Intermediate Variable: Definition, Examples

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An intermediate variable serves as a causal link between other variables. It is acted on by the independent variable and then acts itself on the dependent variable to create change.

For example, suppose you wanted to look at the relationship between higher income and longer lifespans. A high income does not act directly on someone’s lifespan in a positive way, but it may allow access to better nutrition and health care. This better nutrition and health care, in turn, affect the life span of the person, and so these are intermediate variables.

The intermediate variable is sometimes also called the intervening variable, the mediating variable, or the intermediary variable.
Intermediate Variable Mediation Model

The Intermediate Variable and Full and Partial Mediation

Coming to an understanding of how a causal relationship involves an intermediary variable is called finding a mediation model, which may take different forms. A mediating variable can account for all of the causal links between two variables, or it can only be responsible for a small part. In some situations, there may be more than one mediating variable.

If the independent variable only affects the dependent variable through an intermediary variable, it’s called full mediation. If you drew your mediation model as in the image above, you would want to leave out path C. The only significant relationship is through the A/B path.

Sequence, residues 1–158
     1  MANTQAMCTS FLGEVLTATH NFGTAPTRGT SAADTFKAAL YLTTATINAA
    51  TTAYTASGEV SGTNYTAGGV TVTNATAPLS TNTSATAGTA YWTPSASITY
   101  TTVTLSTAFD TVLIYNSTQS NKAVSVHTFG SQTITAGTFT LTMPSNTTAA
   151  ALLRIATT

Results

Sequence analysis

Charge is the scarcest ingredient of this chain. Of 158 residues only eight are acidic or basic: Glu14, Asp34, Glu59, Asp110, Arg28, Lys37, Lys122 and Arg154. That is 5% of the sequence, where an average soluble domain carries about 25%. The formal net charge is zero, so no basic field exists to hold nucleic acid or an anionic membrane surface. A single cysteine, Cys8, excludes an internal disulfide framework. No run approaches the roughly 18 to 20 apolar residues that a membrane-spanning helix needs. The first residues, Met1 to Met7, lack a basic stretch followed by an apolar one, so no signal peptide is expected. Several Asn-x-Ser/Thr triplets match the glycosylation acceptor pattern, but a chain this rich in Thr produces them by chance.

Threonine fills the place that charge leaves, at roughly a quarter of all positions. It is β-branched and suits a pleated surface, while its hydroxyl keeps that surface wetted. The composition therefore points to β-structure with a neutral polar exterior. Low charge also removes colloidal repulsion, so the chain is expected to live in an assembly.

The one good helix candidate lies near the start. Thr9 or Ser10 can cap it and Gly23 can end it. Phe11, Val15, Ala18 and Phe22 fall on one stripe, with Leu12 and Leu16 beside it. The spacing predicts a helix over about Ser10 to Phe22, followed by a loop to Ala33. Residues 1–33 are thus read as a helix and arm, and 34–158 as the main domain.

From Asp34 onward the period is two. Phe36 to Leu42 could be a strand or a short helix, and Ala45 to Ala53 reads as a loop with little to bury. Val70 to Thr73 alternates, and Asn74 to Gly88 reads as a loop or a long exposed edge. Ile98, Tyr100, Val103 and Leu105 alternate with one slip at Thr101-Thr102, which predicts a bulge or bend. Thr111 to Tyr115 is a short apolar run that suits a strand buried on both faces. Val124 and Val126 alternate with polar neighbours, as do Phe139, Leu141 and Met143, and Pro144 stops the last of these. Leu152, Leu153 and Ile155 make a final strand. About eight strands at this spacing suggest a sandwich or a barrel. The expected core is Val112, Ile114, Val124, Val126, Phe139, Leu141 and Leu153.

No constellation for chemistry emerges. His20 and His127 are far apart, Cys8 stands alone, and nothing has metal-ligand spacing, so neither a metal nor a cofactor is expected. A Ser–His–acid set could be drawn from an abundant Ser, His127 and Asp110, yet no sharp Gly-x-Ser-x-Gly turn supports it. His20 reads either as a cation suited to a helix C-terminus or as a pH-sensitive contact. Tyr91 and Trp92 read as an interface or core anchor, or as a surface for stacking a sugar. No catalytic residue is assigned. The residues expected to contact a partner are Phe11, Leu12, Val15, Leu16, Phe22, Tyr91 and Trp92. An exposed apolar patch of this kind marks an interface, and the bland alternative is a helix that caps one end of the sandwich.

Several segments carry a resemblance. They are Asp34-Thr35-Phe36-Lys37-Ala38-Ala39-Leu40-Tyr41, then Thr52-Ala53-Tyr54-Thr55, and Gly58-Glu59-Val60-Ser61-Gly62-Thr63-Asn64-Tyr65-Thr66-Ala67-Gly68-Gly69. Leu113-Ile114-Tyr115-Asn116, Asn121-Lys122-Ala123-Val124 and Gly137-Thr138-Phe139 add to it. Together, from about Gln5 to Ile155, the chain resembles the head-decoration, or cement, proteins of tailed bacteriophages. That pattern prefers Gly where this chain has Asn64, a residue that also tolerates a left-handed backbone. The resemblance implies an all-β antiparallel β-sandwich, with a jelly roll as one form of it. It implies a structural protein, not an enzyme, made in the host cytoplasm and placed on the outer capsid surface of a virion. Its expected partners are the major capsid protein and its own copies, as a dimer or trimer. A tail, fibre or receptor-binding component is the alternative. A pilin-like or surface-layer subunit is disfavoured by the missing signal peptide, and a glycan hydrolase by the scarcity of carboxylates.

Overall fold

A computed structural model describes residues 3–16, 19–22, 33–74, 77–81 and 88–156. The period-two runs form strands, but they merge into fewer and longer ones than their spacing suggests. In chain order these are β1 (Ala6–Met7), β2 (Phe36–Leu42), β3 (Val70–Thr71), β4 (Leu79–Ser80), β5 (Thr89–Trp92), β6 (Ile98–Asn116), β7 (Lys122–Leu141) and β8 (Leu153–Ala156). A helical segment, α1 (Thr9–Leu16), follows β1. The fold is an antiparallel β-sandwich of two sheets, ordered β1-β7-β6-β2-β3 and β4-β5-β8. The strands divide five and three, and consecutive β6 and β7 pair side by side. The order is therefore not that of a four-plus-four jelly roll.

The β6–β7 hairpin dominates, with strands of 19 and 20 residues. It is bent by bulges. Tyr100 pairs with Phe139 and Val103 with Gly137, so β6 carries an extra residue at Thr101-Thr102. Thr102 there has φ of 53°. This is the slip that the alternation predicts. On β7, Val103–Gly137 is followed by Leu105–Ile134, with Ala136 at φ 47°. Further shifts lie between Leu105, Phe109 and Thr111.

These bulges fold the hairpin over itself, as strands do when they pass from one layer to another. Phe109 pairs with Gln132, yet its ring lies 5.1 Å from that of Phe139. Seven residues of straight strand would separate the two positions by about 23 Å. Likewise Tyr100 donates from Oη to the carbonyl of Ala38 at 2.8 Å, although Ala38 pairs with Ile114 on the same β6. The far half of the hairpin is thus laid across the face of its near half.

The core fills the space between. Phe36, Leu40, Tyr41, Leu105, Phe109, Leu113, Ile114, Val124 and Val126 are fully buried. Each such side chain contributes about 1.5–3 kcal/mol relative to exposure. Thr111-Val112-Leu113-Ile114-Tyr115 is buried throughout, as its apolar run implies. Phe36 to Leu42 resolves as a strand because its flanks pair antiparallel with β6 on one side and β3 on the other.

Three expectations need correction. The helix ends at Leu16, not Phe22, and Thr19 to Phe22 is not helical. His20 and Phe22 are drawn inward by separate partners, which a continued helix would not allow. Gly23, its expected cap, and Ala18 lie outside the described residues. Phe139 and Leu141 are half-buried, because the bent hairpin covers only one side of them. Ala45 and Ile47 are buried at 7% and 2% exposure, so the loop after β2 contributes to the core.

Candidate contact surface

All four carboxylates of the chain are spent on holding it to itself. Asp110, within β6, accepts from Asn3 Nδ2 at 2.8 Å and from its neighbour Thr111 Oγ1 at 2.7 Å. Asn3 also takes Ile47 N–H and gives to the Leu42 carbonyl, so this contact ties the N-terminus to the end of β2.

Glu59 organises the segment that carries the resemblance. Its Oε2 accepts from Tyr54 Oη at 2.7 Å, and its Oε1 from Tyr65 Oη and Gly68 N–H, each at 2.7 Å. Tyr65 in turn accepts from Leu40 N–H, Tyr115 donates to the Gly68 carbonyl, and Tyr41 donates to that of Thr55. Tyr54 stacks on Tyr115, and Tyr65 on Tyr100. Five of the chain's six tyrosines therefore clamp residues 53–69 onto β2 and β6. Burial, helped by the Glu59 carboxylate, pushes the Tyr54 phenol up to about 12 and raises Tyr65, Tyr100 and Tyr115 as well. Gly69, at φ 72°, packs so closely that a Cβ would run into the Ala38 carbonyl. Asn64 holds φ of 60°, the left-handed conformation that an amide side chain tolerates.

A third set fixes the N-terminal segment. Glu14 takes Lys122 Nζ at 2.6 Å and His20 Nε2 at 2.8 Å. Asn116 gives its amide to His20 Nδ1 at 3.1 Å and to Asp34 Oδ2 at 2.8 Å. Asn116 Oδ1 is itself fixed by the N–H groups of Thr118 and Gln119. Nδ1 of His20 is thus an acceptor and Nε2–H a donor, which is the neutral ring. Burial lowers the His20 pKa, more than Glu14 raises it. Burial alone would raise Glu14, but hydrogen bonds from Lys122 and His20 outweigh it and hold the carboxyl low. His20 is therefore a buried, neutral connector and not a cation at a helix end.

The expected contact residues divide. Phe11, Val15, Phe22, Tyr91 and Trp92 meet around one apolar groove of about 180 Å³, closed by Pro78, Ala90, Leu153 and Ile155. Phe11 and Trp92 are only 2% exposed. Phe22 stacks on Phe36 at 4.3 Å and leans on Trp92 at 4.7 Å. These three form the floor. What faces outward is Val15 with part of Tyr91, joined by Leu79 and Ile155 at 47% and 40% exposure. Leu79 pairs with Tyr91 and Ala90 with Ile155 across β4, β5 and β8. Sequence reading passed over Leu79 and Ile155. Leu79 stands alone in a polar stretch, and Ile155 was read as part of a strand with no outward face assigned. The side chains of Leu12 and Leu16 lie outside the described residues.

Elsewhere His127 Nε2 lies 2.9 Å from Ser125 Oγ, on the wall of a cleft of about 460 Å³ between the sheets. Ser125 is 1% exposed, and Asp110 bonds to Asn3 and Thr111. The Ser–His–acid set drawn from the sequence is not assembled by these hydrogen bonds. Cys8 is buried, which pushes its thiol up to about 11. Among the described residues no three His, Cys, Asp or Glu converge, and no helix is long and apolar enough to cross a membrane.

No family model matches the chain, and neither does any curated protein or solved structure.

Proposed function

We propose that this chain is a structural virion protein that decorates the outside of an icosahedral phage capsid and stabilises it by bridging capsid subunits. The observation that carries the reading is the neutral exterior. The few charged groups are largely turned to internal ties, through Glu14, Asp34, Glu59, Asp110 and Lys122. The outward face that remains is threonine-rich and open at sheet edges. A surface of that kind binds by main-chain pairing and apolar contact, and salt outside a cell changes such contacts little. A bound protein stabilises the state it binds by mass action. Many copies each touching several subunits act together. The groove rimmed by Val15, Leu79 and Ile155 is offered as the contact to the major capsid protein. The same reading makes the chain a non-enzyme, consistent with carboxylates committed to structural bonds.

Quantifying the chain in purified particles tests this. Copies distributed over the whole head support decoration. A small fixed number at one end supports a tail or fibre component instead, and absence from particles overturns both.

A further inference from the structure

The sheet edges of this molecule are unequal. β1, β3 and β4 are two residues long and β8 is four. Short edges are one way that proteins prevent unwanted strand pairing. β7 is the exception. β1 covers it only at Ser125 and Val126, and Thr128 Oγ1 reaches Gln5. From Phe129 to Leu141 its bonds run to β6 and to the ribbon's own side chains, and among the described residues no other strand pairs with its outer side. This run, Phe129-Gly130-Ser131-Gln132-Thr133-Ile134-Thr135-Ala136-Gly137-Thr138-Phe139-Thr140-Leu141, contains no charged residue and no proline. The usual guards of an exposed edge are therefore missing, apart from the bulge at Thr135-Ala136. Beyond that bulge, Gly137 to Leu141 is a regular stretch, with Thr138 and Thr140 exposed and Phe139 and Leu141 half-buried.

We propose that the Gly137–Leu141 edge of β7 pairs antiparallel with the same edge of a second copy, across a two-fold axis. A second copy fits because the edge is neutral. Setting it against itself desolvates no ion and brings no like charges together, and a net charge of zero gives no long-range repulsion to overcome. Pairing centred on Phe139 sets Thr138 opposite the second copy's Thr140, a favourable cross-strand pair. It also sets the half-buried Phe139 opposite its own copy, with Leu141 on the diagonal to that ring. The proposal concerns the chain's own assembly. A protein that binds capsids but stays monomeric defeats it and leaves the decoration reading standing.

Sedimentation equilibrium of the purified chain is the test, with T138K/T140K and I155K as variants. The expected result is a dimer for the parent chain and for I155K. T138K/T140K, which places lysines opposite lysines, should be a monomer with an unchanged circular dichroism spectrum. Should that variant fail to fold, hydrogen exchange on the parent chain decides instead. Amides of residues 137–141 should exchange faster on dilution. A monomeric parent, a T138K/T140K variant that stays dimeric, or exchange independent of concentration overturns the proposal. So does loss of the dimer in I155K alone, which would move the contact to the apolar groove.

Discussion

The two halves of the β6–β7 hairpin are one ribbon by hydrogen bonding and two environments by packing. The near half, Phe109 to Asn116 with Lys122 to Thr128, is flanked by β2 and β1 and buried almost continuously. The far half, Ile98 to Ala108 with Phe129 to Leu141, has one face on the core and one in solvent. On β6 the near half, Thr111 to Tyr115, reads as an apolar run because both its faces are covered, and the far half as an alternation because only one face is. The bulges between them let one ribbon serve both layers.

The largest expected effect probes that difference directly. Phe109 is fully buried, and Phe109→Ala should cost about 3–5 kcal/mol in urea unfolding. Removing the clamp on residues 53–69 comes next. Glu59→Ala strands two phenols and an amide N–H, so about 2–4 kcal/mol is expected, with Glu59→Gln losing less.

If the intervening variable is responsible for just part of the relationship, it’s called partial mediation. In this case, path A/B and path C are both significant, and disabling the mediator variable will not stop the causal process.

Difference between moderating and intermediate variable

Although they sound similar, moderating variables are conceptually different from mediating (intermediate) variables. The difference is very subtle; Depending on your question, some variables can be both a moderator and a mediator [1].

  • Moderators answer the question “when?” or “under what conditions?”. Moderators can strengthen, weaken, or reverse a relationship. For example, confidence in your ability to perform a task moderates the relationship between task importance and the amount of anxiety felt [2].
  • Mediators answer “how?” or “why?”. For example, people with higher incomes tend to live longer because of a mediator variable: access to better health care.


[1] What are mediation and moderation? Retrieved June 30, 2022 from:
[2] Nie, Y., Lau, S., & Liau, A. K. (2011). Role of academic self-efficacy in moderating the relation between task importance and test anxiety. Learning and Individual Differences, 21(6), 736-741.

Types of Variables. Y520 Fall 2002 Course Notes: Strategies for Educational Inquiry. Indiana University. Retrieved from on June 22, 2019.
Nemerever, Zoe. Visualizing Poli 30. Retrieved from on June 22, 2019.

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